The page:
Journal of the House of Commons: Volume 6, 1648-1651. Originally published by His Majesty's Stationery Office, London, 1802.
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Die Mercurii, 17 Aprilis, 1650.
Representation and Elections.
THE House this Day (according to former Order) was resolved into a Grand Committee touching an equal Representative, and regulating Elections.
Mr. Speaker left the Chair.
Mr. Say took the Chair.
Mr. Speaker resumed the Chair.
Mr. Say reports from the said Grand Committee, That the said Committee have adjourned until This-day-sevennight; and desire the Leave of this House to sit then.
Resolved, That, on This day-sevennight, the House be resolved into a Grand Committee, upon an equal Representative, and for regulating Elections: And that Mr. Speaker do then forbear to take the Chair.
London, &c. Petition.
The House being informed, that divers Citizens of London, and others, were at the Door;
They were called in: And, being come to the Bar, they presented a Paper in form of a Petition.
And thereupon Mr. Speaker demanded their Names, and Places of Abode; and whether they had subscribed the said Petition, and would avow and justify the same: Who gave in their Names and Places of Abode: Which were as followeth; viz.
Wm. Tenant, at Cripplegate.
John Cooper, in Stepney Parish.
Charles Collins, at Bishopsgate.
William Leasenby, in Fleet-street.
Thomas Gunn, in Chesle-street.
Thomas Moulson, in Abchurch-lane.
Thomas Fletcher, in Cripplegate-without.
Thomas Bennett, a Soldier in Colonel Lilborne's Regiment.
John Thomas, in Capion-lane, in Thames-street.
James Minge, in Cripplegate a Soldier under Lord Brook's Regiment, and after in Colonel Scroope's Regiment.
John Allen, in Bishopsgate-street.
And they did all avow the Petition, and acknowledged that their Hands were subscribed thereunto.
Which Paper (after the Petitioners were withdrawn) was read; and was intituled, "The humble Petition of divers free-born People of England, inhabiting in the City of London and Westminster, the Borough of Southwark, Hamlets, and Places adjacent."
Resolved, upon the Question, by the Parliament, That the Parliament doth declare, That the Scope of the Paper, now presented to the Parliament, in form of a Petition, is to bring Scandal and Reproach upon the just and necessary Laws and Proceedings of the Parliament for the Welfare and Safety of the Commonwealth; and to weaken the present Government, thereby to give Advantage to the common Enemy, and to raise new Tumults and Troubles in the Nation.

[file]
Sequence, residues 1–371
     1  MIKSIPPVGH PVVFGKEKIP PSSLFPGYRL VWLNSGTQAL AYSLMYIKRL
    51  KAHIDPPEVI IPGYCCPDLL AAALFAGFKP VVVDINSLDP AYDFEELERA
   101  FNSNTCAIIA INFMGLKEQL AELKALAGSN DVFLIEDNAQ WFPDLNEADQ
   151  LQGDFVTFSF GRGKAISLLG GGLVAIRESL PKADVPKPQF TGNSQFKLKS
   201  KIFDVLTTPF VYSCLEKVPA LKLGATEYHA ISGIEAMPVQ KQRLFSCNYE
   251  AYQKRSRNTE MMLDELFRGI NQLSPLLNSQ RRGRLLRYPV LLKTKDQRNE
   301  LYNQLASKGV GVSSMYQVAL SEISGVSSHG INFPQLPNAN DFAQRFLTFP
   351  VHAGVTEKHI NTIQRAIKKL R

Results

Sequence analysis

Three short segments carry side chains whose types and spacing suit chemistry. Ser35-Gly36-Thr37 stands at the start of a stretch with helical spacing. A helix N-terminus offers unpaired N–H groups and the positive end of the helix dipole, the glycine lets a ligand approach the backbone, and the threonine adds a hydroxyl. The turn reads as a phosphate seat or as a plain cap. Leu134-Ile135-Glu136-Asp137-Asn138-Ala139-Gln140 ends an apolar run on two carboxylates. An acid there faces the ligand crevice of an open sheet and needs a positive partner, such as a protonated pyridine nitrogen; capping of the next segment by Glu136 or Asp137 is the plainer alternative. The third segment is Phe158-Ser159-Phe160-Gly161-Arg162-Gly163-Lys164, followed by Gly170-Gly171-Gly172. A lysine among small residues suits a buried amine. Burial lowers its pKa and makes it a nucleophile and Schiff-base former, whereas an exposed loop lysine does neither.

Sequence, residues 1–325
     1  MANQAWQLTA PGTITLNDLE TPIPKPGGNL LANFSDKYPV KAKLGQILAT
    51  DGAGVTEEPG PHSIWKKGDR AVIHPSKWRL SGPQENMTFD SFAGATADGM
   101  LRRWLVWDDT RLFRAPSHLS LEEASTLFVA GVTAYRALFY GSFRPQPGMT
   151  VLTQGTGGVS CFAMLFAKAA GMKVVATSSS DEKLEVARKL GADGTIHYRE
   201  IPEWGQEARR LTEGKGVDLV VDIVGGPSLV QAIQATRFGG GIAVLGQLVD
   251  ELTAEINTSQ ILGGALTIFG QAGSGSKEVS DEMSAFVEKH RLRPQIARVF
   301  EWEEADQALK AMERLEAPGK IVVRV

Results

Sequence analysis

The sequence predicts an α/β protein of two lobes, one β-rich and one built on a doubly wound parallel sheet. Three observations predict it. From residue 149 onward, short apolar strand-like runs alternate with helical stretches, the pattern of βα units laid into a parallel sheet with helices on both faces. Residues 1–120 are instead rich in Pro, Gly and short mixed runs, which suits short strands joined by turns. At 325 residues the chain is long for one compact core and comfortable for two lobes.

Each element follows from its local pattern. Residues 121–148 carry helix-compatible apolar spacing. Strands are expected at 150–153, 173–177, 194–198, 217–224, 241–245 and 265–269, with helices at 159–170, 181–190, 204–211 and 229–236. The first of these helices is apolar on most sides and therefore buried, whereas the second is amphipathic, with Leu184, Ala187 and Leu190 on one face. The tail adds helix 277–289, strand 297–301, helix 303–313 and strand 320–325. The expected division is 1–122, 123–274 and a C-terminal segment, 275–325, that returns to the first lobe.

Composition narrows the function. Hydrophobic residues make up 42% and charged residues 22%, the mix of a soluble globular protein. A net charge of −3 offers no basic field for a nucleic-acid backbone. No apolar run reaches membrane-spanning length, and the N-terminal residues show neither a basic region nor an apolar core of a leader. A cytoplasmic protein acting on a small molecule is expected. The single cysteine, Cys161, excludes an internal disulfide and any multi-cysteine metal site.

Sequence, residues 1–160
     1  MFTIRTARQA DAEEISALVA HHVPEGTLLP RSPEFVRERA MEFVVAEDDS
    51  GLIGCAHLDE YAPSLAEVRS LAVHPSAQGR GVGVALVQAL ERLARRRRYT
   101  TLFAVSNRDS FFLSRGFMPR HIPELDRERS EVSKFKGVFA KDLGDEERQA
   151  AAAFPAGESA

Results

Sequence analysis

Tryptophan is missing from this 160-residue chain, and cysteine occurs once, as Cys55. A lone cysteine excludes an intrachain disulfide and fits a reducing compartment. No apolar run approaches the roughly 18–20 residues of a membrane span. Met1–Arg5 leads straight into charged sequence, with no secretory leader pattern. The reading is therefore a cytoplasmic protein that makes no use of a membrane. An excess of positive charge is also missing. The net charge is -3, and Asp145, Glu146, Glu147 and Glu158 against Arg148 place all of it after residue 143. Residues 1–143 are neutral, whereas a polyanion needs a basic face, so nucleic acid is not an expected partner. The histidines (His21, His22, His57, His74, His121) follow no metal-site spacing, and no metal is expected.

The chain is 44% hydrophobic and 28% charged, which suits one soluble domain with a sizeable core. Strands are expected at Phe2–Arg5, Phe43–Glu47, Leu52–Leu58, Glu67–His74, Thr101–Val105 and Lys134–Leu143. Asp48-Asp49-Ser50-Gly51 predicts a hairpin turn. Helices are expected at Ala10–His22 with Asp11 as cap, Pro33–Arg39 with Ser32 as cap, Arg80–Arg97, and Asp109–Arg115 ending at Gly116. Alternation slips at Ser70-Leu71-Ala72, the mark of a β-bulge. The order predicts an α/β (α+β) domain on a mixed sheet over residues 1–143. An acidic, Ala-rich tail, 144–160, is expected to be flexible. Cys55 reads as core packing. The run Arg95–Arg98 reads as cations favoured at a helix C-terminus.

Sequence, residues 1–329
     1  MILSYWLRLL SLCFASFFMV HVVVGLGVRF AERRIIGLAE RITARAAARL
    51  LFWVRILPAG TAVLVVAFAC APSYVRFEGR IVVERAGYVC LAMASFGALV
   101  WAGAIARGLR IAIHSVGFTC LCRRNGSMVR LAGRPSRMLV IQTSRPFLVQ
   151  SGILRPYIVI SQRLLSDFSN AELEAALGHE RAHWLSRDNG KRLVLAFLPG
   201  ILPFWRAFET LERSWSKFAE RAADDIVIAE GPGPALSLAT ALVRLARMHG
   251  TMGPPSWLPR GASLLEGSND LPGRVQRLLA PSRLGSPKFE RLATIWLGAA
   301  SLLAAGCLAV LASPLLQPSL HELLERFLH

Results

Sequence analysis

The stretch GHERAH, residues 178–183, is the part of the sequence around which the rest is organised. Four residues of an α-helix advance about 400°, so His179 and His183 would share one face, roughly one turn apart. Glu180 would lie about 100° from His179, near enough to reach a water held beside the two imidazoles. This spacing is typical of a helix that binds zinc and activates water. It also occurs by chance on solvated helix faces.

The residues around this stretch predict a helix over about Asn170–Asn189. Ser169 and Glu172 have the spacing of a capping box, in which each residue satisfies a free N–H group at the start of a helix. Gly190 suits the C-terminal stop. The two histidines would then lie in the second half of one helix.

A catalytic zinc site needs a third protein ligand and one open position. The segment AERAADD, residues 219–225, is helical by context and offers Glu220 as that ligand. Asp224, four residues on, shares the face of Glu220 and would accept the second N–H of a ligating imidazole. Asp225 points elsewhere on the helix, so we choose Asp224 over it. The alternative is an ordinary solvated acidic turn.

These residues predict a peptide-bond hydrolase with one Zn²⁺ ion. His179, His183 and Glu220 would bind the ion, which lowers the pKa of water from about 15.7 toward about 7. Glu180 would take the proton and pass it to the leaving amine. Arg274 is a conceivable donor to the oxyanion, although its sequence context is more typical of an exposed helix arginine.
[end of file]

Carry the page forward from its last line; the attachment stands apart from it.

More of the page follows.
Ordered, That it be referred to the Council of State, to examine the indirect Practices and Ways in Contriving and Setting on foot of this Petition; and the Manner how it was obtained; and by whom the same hath been done.
The Persons that presented the said Paper were again called in: And Mr. Speaker told them, That the Paper by them presented, in the Form of a Petition, hath been read, and considered of, by the House: "And I shall read unto you their Sense thereupon."
Whereupon the Clerk was commanded to read the aforesaid Votes unto them.
A Person committed.
Ordered, That the Order of the 26th of December 1649, That Philip Chetwin do continue committed during the Pleasure of this House, in Warwick Castle; and that he be removed thither by Warrant under Mr. Speaker's Hand; be forthwith effectually put in Execution.
The Question being propounded, That such of the present Governors of Sutton's Hospital, who have subscribed the Engagement, or the major Part of them, do proceed on, in all the Business of the Hospital, till the Parliament take further Order;
The Question being put, That that Question be now put;
It passed with the Affirmative.
And the main Question being put;
It was Resolved, That such of the present Governors of Sutton's Hospital, who have subscribed the Engagement, or the major Part of them, do proceed on in all the Business of the Hospital, till the Parliament take further Order.
Resolved, That this Report be taken up on Thursdaynext-come three-weeks.